Oct 15, 2018


True audiophiles understand that to create a rich audio environment and capture a cinematic experience in the comfort of your own home, you need a high-quality AV receiver.

However, picking the ideal AV receiver can be challenging since there are so many subtle nuances to consider. Eliminate any guesswork and get the best AV receiver possible for your home theatre by following this checklist:

Audio Technology

HDMI inputs - Your AV receiver needs to support every media player in your home theatre, and HDMI provides the best video and audio quality possible. Be sure that your AV receiver has enough HDMI inputs to support every device you plan to use.

Optical inputs - Optical digital audio cables may not be able to carry video signals like HDMI. However, according to CNET, their support for more sophisticated 7.1 channel setups make them just as relevant today as they were when first introduced over 30 years ago.

USB input - the easiest and most convenient way to store and take your audio files anywhere is a USB mass storage device. A USB input conveniently located at the front of the AVR allows you to play nearly any audio file, from 2-channel playback to full multi-channel surround using the AVR's upmixing function.

Phono inputs - If you want to include a turntable model in your home theatre setup, then phono inputs are a must-have feature.

Video Technology

4K Ultra HD - 4K is the new standard for top-of-the-line video playback, providing more clarity and crisper visuals than standard 1080p HD resolution. Even if you don't have a 4K-enabled TV today, you may want to plan for the future.

Component video inputs - Nothing beats HDMI in terms of video quality, but component cables come as close as any other analog format.

Composite video inputs - Not to be confused with the far-superior component cable format, composite inputs are still important if you want to use older media players that were intended for use with CRT TVs.


5.1 channel support (or above) - The number of channels your AV receiver contains refers to the number of speakers it can drive in order to create the surround experience. Your basic home theatre surround sound system will feature a 5.1 channel configuration - centre, front left, front right, surround left, surround right and subwoofer. 7.1 channel systems split the rear and surround channels to provide a more lush and engrossing soundscape. You can even go up to 9.1 or 11.1, or 13.1 channel receivers to add height and further depth to your audio playback.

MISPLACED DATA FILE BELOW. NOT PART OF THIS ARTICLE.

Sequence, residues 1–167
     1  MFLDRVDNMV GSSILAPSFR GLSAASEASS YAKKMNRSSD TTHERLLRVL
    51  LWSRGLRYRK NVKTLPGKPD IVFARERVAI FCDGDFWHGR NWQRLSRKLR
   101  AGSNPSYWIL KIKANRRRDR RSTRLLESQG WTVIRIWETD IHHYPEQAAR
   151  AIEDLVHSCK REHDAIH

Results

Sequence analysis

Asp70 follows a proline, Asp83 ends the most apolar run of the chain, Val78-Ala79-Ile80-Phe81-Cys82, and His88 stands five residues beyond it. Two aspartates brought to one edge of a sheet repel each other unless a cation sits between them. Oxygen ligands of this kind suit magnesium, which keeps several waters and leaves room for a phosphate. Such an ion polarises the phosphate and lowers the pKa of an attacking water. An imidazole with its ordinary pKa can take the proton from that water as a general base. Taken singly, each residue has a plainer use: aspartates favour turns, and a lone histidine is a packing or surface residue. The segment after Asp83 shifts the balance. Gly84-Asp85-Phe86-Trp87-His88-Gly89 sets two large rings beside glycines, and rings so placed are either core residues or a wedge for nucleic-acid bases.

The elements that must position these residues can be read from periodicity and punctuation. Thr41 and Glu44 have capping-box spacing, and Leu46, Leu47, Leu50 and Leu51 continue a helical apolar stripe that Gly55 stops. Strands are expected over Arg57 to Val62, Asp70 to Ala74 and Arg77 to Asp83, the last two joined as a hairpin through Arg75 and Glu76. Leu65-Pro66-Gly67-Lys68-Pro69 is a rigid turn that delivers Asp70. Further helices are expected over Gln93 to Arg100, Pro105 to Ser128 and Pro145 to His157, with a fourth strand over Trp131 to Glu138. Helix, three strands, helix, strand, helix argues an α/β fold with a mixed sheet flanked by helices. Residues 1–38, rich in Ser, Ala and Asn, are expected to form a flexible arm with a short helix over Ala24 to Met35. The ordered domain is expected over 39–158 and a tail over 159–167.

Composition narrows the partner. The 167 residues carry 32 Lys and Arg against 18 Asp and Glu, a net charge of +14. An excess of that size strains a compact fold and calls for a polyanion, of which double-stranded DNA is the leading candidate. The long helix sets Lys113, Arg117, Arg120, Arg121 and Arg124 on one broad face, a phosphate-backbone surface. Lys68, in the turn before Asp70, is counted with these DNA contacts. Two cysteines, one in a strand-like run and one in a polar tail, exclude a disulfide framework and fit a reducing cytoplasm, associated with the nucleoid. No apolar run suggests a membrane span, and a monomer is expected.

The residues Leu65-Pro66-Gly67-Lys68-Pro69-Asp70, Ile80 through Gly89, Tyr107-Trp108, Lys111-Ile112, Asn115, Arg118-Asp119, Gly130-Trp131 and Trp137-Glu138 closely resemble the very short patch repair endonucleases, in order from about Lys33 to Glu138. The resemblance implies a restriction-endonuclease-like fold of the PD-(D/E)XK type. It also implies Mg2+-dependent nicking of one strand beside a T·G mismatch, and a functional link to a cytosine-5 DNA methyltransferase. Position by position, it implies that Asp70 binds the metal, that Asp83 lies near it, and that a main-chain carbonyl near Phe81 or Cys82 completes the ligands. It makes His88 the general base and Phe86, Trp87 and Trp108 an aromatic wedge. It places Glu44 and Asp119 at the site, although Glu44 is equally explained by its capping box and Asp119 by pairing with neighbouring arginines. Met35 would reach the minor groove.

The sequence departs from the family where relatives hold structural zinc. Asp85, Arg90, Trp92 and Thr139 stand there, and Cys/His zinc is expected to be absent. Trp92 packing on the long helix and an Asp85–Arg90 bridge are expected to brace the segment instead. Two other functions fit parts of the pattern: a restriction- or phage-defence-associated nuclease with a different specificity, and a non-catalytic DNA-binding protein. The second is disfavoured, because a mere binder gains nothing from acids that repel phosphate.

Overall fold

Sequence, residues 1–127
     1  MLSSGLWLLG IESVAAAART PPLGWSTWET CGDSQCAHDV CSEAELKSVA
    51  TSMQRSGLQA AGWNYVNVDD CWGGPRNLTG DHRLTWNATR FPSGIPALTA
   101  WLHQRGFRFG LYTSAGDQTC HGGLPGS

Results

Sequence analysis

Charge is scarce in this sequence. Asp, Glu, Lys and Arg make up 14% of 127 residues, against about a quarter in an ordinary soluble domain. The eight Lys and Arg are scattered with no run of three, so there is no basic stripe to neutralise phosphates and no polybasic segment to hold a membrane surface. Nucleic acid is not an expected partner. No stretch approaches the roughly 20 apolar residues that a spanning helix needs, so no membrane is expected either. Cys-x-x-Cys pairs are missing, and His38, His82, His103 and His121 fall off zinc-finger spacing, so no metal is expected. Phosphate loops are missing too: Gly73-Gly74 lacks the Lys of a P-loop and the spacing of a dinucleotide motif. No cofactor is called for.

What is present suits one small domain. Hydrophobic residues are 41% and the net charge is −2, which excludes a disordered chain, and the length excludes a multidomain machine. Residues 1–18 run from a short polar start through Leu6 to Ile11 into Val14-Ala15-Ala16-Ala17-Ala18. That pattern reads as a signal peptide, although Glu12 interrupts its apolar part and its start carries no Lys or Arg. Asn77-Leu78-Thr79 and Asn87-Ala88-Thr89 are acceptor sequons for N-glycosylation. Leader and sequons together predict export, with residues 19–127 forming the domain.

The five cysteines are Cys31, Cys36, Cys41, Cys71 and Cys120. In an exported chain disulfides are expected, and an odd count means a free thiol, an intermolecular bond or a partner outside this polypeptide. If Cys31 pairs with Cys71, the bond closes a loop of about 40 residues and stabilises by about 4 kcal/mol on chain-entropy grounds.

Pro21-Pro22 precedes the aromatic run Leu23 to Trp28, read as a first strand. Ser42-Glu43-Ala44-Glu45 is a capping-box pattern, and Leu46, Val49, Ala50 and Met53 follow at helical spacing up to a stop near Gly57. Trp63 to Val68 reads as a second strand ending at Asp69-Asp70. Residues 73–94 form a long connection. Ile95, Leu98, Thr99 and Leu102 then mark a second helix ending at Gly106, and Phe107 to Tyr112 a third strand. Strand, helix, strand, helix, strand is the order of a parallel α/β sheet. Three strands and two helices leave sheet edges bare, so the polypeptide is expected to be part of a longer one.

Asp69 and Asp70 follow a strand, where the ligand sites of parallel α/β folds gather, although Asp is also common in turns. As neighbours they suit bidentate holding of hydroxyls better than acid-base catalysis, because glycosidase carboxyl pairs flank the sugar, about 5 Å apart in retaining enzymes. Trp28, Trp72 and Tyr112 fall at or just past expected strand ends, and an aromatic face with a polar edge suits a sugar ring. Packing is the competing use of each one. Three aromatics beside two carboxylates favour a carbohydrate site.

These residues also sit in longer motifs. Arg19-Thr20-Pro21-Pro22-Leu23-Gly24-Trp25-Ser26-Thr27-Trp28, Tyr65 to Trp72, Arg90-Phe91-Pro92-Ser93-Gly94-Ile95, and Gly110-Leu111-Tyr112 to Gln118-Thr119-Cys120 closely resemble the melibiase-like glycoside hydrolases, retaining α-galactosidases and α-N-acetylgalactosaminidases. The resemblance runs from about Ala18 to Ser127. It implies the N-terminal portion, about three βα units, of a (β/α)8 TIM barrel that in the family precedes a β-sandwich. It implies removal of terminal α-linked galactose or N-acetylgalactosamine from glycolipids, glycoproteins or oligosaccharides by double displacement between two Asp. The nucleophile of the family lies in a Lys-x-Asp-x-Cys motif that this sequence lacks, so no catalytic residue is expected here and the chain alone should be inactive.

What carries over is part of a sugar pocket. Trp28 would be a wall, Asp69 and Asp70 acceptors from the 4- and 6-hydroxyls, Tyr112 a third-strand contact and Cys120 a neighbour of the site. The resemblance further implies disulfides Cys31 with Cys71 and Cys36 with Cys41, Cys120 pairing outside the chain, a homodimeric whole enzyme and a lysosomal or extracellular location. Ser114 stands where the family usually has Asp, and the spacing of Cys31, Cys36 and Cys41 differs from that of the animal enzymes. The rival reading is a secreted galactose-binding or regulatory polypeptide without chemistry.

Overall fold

Economy mode - You don't necessarily want your AV receiver consuming high power if not needed. A clever ECO mode helps you to reduce power consumption when listening on moderate volume level without sacrificing the audio performance. However, once the volume goes up the ECO mode should change seamlessly to full power automatically so as not to miss any action.


Bluetooth - Wireless support is an absolute must to play music from your smartphone or tablet using popular platforms like YouTube and Spotify. There are some aftermarket external devices that add Bluetooth support, but they can't beat an AV receiver with built-in Bluetooth capabilities.

Wi-Fi - Wi-Fi connectivity gives you additional options for streaming music through your AV receiver such as Apple AirPlay2 music streaming.

With HEOS built-in you can stream from your favourite cloud services such as Spotify®, Amazon Music, Deezer, Tidal and many more effortlessly via the free HEOS app. Multi-room support - Wireless playback is great, but being able to stream music simultaneously from any room in the house is next-level stuff. HEOS-enabled AV receivers support true multiroom playback allowing you to listen to your favourite music wherever you go.

Ease of Use

Setup Assistant - To capture the best sound possible, your AV receiver should have calibration software and a built-in setup assistant to fine-tune settings to match your home theatre seating arrangement, according to TechRadar.

Voice control - With Amazon Alexa voice compatibility you can use your voice to control the AVR and online music services. This allows you to adjust the volume, skip to the next track, switch inputs for your different media players and more - "Just Ask."

Diagnostic tools - Diagnostic tools can save you a lot of potential headaches by identifying network connection problems and quickly addressing them.

All of these features are readily available in Denon's top-of-the-line AV receivers, so there's no reason to put off getting the home theatre of your dreams any longer.